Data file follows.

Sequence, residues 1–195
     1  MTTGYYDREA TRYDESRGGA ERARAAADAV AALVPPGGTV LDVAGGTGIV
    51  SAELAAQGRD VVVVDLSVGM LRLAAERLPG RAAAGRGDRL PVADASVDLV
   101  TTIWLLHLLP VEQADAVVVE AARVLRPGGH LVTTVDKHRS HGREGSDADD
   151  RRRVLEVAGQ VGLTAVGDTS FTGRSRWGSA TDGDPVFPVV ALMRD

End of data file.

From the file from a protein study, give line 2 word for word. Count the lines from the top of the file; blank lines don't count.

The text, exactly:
     1  MTTGYYDREA TRYDESRGGA ERARAAADAV AALVPPGGTV LDVAGGTGIV